If you think its a treadmill, you are also correct.

Personally, my main gripe is that the +1/lvl very rapidly diminishes things like proficiency bonuses, ability scores etc. Just mathematically,these flat bonuses inevitably shrink in comparison to one's flat level bonus.

And since these are the things that come from character choices in class,feats, etc. the system actually diminishes the sense that a player has made meaningful choices along the way.

It can still work, bu they need to tune up the impact of these differentiating factors. Perhaps make Proficiency bonuses double at 5-10-15 etc. Or make them determine your per level scaling entirely, I don't know. But this is the biggest flaw in the system as I see it.

Lord_Malkov wrote:
Aadgarvven wrote:
Lord_Malkov wrote:

This seems to be the main split on the reception of this rules set.

If you think it makes characters very quickly become far more powerful than enemies that once seemed powerful, you are correct.

If you think its a treadmill, you are also correct.

Personally, my main gripe is that the +1/lvl very rapidly diminishes things like proficiency bonuses, ability scores etc. Just mathematically,these flat bonuses inevitably shrink in comparison to one's flat level bonus.

And since these are the things that come from character choices in class,feats, etc. the system actually diminishes the sense that a player has made meaningful choices along the way.

It can still work, bu they need to tune up the impact of these differentiating factors. Perhaps make Proficiency bonuses double at 5-10-15 etc. Or make them determine your per level scaling entirely, I don't know. But this is the biggest flaw in the system as I see it.

add to this that at some levels FOUR atributes are raised by 2 levels unless above 18, then 1.

Raising your 4 lower abilities is optimizing, you could build 1 over 18, but very few people will raise 2 atributes above 18.
Level 1 characters will be different, with these differences diminishing with level due to the +1/level and the atributes, besides for spellcasters, the low number of spells will make them choose the most effective ones.

My guess is that after 6 months there will be a power build for every archetype, with very few outliers and even them very similar.

I agree, this will lead to further homogenization as players learn to optimize.

There is an argument for making the gap between a character that dedicates no resources to a skill or action type versus a character that has invested as much as possible shrink. I think that it can open up space for more thematic or marginalized archetypes if you can put a hard ceiling on the benefits of min-maxing, while minimizing the cost of un-optimized choices....

Just wanted to say that I agree with the general idea of the above posts as well as the ones by Aadgarvven.

First off, let me say that I love the proficiency system and how he gates some things to certain proficiency levels. My problem with it is two:

- The +level is big numbers for the sake of big numbers and don't add anything to the mechanic of the game. It also degrades the benefit of higher Proficiency levels for things like combat and skills whose uses are not gated. If you added +1/2 level and the proficiency bonuses were doubled, it would vastly improve the system, in my opinion;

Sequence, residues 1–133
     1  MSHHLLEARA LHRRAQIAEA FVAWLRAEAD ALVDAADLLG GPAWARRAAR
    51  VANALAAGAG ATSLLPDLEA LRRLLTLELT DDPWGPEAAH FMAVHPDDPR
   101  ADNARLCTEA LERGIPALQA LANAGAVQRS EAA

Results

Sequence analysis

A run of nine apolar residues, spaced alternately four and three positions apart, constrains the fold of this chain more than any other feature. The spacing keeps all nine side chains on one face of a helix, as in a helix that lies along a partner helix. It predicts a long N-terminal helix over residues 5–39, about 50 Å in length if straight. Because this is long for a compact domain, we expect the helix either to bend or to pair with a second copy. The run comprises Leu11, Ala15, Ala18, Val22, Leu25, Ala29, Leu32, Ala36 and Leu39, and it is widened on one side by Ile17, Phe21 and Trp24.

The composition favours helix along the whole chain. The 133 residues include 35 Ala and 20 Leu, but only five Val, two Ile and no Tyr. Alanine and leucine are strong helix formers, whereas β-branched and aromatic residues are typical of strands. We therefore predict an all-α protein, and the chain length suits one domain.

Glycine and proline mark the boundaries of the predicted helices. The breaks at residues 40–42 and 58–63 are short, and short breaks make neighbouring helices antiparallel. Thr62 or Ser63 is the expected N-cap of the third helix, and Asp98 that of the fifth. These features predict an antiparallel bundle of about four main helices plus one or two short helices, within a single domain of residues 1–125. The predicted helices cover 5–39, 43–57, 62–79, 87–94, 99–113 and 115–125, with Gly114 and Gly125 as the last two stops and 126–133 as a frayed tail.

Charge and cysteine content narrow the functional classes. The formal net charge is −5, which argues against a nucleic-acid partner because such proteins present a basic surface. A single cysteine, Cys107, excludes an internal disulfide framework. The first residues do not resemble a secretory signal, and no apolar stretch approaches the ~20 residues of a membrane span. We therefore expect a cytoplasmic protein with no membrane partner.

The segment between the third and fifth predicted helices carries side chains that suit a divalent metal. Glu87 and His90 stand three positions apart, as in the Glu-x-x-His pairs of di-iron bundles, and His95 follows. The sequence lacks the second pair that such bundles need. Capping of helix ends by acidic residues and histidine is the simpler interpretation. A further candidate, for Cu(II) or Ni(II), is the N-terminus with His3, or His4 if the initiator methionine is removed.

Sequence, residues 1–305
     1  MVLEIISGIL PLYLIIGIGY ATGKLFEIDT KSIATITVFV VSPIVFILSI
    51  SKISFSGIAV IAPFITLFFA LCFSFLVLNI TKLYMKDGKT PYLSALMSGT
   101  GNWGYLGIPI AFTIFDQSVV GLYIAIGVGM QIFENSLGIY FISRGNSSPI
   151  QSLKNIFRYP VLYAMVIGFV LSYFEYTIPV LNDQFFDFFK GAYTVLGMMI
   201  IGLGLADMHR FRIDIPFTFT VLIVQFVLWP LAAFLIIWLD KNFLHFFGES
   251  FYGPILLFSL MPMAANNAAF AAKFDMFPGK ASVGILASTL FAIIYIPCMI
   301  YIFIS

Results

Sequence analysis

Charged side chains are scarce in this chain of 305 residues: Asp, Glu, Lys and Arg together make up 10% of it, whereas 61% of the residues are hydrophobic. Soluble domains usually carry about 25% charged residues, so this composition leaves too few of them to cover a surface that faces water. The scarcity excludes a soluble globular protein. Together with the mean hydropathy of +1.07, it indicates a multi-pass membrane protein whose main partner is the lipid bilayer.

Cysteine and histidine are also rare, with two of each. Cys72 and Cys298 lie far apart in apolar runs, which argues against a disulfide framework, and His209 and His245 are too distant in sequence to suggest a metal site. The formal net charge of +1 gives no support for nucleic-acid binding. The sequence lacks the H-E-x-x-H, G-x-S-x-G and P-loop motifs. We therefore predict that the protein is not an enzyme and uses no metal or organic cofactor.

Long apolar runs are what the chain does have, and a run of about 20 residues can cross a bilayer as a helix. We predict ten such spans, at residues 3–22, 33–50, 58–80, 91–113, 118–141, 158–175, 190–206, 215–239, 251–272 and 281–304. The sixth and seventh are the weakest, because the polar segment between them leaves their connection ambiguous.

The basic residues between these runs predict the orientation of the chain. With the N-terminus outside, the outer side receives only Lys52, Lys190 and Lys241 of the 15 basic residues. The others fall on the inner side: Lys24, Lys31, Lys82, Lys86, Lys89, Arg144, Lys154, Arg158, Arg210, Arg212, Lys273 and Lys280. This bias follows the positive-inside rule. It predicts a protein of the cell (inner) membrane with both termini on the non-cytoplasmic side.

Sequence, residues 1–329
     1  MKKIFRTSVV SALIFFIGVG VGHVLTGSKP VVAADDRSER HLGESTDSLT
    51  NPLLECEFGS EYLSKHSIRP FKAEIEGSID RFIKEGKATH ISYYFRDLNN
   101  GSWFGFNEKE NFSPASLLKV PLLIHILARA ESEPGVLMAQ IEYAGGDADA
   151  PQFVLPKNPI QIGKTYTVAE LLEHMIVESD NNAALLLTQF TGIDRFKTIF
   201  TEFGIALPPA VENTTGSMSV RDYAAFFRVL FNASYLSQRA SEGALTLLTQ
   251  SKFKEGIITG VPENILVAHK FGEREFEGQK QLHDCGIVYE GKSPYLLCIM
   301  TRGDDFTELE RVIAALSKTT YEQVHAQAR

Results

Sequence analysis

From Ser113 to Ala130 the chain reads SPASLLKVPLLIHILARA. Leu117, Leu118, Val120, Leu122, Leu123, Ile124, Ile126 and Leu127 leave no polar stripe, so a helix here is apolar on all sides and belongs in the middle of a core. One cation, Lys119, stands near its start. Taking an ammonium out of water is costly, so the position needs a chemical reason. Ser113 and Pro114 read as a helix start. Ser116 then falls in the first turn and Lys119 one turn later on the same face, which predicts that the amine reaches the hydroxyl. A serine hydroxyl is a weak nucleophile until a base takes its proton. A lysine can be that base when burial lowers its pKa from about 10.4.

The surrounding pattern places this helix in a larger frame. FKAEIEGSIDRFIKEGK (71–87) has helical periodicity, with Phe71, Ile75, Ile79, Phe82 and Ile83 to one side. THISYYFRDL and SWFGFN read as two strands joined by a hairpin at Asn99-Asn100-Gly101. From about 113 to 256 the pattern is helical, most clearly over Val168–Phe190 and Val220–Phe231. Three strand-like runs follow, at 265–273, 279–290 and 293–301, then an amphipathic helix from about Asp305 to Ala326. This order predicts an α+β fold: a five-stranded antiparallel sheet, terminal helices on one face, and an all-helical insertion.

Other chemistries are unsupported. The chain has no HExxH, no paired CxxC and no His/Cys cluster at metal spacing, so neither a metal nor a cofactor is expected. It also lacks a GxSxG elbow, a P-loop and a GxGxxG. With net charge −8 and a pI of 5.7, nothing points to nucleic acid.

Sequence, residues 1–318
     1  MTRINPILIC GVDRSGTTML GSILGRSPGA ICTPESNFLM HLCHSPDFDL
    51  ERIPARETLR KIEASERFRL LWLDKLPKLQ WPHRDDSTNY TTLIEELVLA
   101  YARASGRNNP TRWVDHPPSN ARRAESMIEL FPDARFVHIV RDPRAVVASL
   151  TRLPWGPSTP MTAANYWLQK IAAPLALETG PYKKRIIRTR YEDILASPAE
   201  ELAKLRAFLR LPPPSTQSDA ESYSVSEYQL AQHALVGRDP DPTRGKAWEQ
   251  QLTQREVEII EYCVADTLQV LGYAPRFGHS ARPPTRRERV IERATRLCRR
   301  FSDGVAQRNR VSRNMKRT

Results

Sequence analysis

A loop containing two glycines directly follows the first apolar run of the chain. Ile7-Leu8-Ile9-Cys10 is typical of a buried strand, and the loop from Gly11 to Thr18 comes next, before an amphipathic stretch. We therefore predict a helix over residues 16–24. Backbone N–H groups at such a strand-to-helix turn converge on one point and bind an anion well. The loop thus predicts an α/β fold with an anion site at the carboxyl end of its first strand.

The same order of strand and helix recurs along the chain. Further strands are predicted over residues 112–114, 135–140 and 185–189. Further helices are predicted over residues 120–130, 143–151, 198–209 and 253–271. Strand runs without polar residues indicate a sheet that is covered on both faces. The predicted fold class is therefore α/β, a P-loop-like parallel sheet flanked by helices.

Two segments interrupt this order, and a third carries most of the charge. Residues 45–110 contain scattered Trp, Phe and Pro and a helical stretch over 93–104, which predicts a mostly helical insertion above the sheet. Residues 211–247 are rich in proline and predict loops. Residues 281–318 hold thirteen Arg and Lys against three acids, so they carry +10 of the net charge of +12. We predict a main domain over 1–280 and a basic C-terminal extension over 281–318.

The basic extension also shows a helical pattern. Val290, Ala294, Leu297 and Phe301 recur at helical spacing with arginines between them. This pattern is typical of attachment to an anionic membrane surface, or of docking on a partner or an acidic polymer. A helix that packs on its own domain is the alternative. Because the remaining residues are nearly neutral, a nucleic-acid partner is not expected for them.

- The "gated" effects opened by higher Proficiency levels are, more often than not, extremely underwhelming. When they first talked about this, I became extremely excited, because I thought that Legendary Athletics would allow me to jump high enough to tackle a flying mage or swim up a waterfall. Things similar to the ones found in the Mythic Adventures or the Epic Level Handbook. No such luck...


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OP, I logged in just to say that I agree with you and you described my experience exactly!


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Deadmanwalking wrote:

I have to agree for the most part. There are a few systemic issues (Signature Skills, I'm looking at you...though those could be fairly readily removed), but the core system is really nice.

A lot of specific implementations? Not so nice.

That's exactly my take as well, though I'm certainly being a lot more vocal in my criticism. I absolutely love the core system, but a lot of the specifics?

SIGH.


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Blueskier wrote:
Arachnofiend wrote:
Mark Seifter wrote:
Arachnofiend wrote:
All I want to know is: Did the healer Barbarian have the Cleric multiclass archetype?
Yep. Some of you guessed it right away because I described her as unhealthily obsessed with Gorum.
Cool, so martial classes are dead then. If you don't have spells, you can borrow them from a class who does. Sigh...

Nope

Mundane character concepts are dead. Which is good. Being non-magical is not a character concept that is level appropiate after lvl 5

Nope, Martial characters are dead, because some people, for some reason, can fathom that a lot of other people want to play as mythical swordsmen, not an arcane caster that can use a sword.

Why do people think that I want to play a mundane character just because I want to focus his skills in weapons instead of spells? Even though The Book of Nine Swords and Path of War exists?


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kaineblade83 wrote:

I really like this idea in theory, and want to see more from it. My big concern is Fighter, though.

Presumably the dedication feats are class feats, which fighters get every level, yes? So what's stopping a fighter from doing everything and still having some class feats for their own base class?

They get their weapon proficiency increase baseline so they wouldn't need to feat out for that, meanwhile they also have 8th level spellcasting in 2 other classes, if they'd like, and some rogue skills. I know there's a dedication limit for the feats, but still, 20 levels of class feats doesn't make that feel totally like a stopgap.